True that we were silly in longing for everything coming from overseas, but I like to see the positive side of, and think that this practice tries to echo a more ancestral Arab/African tradition of sharing with the close ones.

    I just hope that you're not developing - unconsciously - a feeling of arrogance toward those emigres who still perpetuate this "tradition" ;)

  4. :) Ikosium I think you've seen through me...I think I am getting more and more arrogant towards les émigrés!

    I like your positive approach and your "glass is half full” view on this, I guess I should try to be less cynical and see the good side of things like sharing and helping close ones.
    Thank you for your input; it always helps shape my view to hear someone else’s

  5. I echo Ikosium's comments. I think this post and the one about the Berbers/regionalism in Algeria are overdone.
    Come on Dz-Chick, you can write better stuff that those judgmental clichés! Or is it hormonal again?:)

  6. Anonymous 3 - I clearly state that am generalising and that it is only my opinion what I thought and wrote in this blog post. However for the Diversity and Tolerence blog post, I think it is a reality and not a generalisation on my part, I was marely stating facts...please read it again :)

  7. You are the "Émigré" now my dear!

  8. You can't whether I am or not. You say you are an Algerian living in London, that makes you an immigrant, doesn't it?!

  9. It does make me an immigrant yes, however in my blog post's context I am not an émigrés, I am referring to the France born Algerians and their relationships with the Algeria born Algerians (me).

  10. If they are French-born, then, surely, they are not emigrants.

  11. Again - the context of the story is growing up in Algeria we call them all Les Émigrés, my blog does start with: "Some call them les émigrés, we respectfully call them les Algeriens de France"

    And yes I am the emigrant now I guess but I don’t go back to Algeria and expect people to fuss about me and pretend to bring a whiff of civilisation with me in my suitcase, so the attributes of the emigres as known in Algeria dont apply to me.

  12. I 100% agree with u 3omri .. being Bleddard myself (proud of it and thx god I am not Beur) and living in UAE for many years now, I saw how they treat the Bleddards in Algeria and here in the UAE.. not to mention the problem of Identify they have got!!! Tried to hang out with some of them and it was a big mistake I swear to god… in fact I feel sorry for them

  13. Strange, your page shows up with a red hue to it, what color is the main color on your internet site?

  14. To anonymous who lives in UAE, don't waste your energy at feeling sorry for us my Algerian brother!! We are actually fine! We have no identity problem, we are both French and Algerian, it's really not complicated but I wouldn't expect you to understand!

    You Algerian-born don't seem to have a problem claiming Zidane and other successful French-Algerians as Algerians, evidently we are Algerians when it suits you, similarly to the French.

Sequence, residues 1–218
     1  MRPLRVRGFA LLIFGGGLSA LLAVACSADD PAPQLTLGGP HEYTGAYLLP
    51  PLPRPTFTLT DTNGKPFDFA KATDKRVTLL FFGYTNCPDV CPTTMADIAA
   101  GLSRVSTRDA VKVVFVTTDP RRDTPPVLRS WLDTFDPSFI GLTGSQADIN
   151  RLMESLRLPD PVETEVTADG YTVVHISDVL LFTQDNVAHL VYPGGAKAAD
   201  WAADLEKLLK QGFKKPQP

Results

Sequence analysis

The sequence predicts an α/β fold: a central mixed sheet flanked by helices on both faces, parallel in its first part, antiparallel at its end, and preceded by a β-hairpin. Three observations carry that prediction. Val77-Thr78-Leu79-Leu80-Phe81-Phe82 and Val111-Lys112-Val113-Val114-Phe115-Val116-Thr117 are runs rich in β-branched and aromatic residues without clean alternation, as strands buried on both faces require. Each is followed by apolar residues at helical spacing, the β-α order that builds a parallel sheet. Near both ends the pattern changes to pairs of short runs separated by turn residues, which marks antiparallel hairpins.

@DZ-Chick, now this post had me laughing out loud but also tickled me.We referred to Algerian born as bleddards because they are from our country of origin, our bled. We didn't call them Algerians as we wanted to make the distinction between us: Algerians in France and them the Algerians from Algeria. Our parents were bleddards, don't forget that dear!

    Now the term 'emigre' doesn't refer to me but my parents, I am actually French of Algerian descent. I am very proud of my roots and je les revendique avec fierete. I am also proud to be French but above all I am French-Algerian and that is my identity and I love it!! I don't look down at my Algerian born brothers and sisters in any way as that would be looking down on my parents. How can we feel superior because we were born in Europe??

    I have never been to Algeria so I couldn't relate to the 'colons' invasion you have mentioned but it cracked me up!! Of course I didn't have a tati wardrobe because my mum is a wahraniya and she has class, la tchitchi man!!! Nonetheless I am aware that those 'emigres' used to break the bank buying presents for their family back home not to play 'white man in Africa' but because it is cultural to offer gifts, I do the same when I go back to France to visit my family. I can't imagine going empty-handed!

    As for the inferiority complex, lol sister!! I don't know what beur you have come across but they were insecure because they were insecure not because they are beurs! Although Algerian mothers tend to compare their offsprings with their neighbours' and friends' which has resulted in many beurs/beurettes feeling frustrated.

    You compared us, beurs, children of uneducated emigres (fair statement as a general rule) to the Algerian bourgeoisie in the UK, the parallel is unfair. It would be more appropriate to compare us to the working class, uneducated Algerians, same footing sis!

    As for speaking better French, we spot out the middle-class and upper-class Algerians by the way they speak French, et oui les algeriens qui ont grandit dans la pauvrete en Algerie parlent tres rarement le francais et s'ils le parlent, c'est tres basic!
    Rightly so many uneducated French-Algerians speak slang and their french is appalling, I blame the parents!!

    On that note DZ-Chick you are my Algerian sister and I couldn't care less if you were born in Algeria, France, Italy, America or China, we are ONE!!!
    By the way when we watch an international competition we support Algeria all the way! However I hate hearing one, two, three viva l' sounds so naff, tacky, a bit like Tati, lol!

    PS: Tati is much worse than Primark dear, c'est pour les kholotss.
    Many harragas dress their children in second-hand shops #just-saying